I do stereo matching with OpenCV's StereoBM on an ARM Cortex-A7 (Raspberry Pi 2). I am limited to CPU processing so the only way to speed things up is to lower the resolution to QVGA or even QQVGA. I want to process as fast as possible. Since the images are quite small StereoBM tends to use only 1 or 2 threads instead of 4.
The default number of threads is being calculated like this in stereobm.cpp:
double N0 = 8000000 / (useShorts ? 1 : 4); // approx tbb's min number instructions reasonable for one thread double maxStripeSize = std::min(std::max(N0 / (width * ndisp), (wsz-1) * SAD_overhead_coeff), (double)height); int nstripes = cvCeil(height / maxStripeSize);
Basically the image is divided into stripes which are then processed with parallel_for_. I dont know the idea behind maxStripeSize but it probably is trying to optimize the thread size based on various parameters (number of disparities etc.) and it probably works well for bigger images.
I am able to force a fixed number of threads by setting the nstripes variable. I measured following with StereoBM:
- 1 thread = ~90ms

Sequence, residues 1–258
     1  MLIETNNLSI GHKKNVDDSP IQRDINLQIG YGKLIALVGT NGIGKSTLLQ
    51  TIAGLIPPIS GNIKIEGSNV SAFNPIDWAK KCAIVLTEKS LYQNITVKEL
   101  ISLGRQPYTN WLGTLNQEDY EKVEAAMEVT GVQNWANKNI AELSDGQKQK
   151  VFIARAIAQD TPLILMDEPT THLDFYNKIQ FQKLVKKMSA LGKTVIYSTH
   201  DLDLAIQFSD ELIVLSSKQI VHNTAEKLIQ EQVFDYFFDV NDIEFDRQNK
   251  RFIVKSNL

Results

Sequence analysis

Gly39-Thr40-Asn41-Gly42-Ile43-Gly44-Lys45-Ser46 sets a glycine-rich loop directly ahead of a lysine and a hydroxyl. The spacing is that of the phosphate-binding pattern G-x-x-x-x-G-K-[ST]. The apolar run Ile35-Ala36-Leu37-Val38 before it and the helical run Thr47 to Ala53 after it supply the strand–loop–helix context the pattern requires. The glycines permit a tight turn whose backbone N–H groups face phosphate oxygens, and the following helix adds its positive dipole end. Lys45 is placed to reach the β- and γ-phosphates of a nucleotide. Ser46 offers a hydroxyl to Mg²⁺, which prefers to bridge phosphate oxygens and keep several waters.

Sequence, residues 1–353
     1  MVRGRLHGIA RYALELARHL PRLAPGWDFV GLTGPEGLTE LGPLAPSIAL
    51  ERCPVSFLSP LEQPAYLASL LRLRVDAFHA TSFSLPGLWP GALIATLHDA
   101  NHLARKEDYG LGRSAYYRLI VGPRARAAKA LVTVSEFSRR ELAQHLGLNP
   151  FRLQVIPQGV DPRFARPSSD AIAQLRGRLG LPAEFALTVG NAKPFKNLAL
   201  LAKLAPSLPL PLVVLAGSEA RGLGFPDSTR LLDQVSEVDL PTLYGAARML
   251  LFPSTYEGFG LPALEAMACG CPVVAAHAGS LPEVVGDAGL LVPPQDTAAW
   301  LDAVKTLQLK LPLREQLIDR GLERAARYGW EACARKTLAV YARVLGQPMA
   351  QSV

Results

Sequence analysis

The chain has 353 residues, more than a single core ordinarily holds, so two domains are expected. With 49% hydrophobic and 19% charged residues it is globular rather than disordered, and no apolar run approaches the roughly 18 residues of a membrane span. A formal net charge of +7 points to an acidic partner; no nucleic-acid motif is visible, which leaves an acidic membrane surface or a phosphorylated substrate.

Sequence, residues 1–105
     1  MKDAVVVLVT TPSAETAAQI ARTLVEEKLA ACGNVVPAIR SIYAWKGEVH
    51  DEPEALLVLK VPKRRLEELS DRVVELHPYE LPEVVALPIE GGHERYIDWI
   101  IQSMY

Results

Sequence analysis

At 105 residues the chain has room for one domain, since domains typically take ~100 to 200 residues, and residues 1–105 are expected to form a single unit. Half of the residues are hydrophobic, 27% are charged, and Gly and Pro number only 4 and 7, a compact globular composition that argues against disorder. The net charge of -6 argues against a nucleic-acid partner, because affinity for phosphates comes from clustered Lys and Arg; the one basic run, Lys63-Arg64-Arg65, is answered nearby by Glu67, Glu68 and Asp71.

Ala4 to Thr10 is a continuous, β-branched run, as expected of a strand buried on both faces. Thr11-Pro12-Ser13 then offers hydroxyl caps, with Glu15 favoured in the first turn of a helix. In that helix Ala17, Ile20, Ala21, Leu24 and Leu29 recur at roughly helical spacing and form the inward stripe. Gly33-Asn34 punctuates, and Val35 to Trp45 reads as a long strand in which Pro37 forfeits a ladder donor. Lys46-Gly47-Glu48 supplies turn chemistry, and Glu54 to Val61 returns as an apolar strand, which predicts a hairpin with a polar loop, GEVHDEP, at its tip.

- 2 threads (OpenCV default) = ~50ms
- 4 threads forced = ~50ms
- 1 thread (OpenCV default) = ~20ms
- 4 threads forced = ~20ms
One can clearly see that there is no speedup at QVGA and QQVGA at 4 threads. Why? I suspect the parallelization overhead may be too large for small data and thus not effective. From my tests bigger images tend to be more effective with multithreading.
I am limited to using CPU only in my current HW design. Is there a way how to more effectively use all 4 CPU cores or process the stereo faster in general? Would GPGPU (CUDA or OpenCL) tend to perform better with these small images? I want to employ real-time vision. One possible solution may be to rewrite StereoBM to FPGA but I want to avoid this.
Configuration note: Using OpenCV 3.0.0. I tested both TBB and PTHREADS and they seem to behave the same with threading. Also I have NEON and VFPV3 enabled in OpenCV (even though RPi2 seems to use VFPV4).